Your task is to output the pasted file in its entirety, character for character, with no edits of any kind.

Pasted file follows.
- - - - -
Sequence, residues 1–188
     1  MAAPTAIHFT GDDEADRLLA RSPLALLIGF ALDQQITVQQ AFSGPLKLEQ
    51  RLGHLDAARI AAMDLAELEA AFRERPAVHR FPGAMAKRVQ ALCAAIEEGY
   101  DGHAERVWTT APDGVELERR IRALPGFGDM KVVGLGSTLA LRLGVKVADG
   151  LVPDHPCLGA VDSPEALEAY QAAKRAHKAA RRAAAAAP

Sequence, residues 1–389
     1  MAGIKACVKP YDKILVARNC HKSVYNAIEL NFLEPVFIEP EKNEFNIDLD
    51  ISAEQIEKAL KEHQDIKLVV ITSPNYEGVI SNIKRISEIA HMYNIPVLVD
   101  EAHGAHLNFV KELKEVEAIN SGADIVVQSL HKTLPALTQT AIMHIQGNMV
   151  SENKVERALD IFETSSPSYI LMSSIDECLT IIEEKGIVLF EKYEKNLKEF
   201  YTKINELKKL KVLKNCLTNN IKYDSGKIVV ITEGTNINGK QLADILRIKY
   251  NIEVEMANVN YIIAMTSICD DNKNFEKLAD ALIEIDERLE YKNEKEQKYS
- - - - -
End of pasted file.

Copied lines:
Sequence, residues 1–188
     1  MAAPTAIHFT GDDEADRLLA RSPLALLIGF ALDQQITVQQ AFSGPLKLEQ
    51  RLGHLDAARI AAMDLAELEA AFRERPAVHR FPGAMAKRVQ ALCAAIEEGY
   101  DGHAERVWTT APDGVELERR IRALPGFGDM KVVGLGSTLA LRLGVKVADG
   151  LVPDHPCLGA VDSPEALEAY QAAKRAHKAA RRAAAAAP

Sequence, residues 1–389
     1  MAGIKACVKP YDKILVARNC HKSVYNAIEL NFLEPVFIEP EKNEFNIDLD
    51  ISAEQIEKAL KEHQDIKLVV ITSPNYEGVI SNIKRISEIA HMYNIPVLVD
   101  EAHGAHLNFV KELKEVEAIN SGADIVVQSL HKTLPALTQT AIMHIQGNMV
   151  SENKVERALD IFETSSPSYI LMSSIDECLT IIEEKGIVLF EKYEKNLKEF
   201  YTKINELKKL KVLKNCLTNN IKYDSGKIVV ITEGTNINGK QLADILRIKY
   251  NIEVEMANVN YIIAMTSICD DNKNFEKLAD ALIEIDERLE YKNEKEQKYS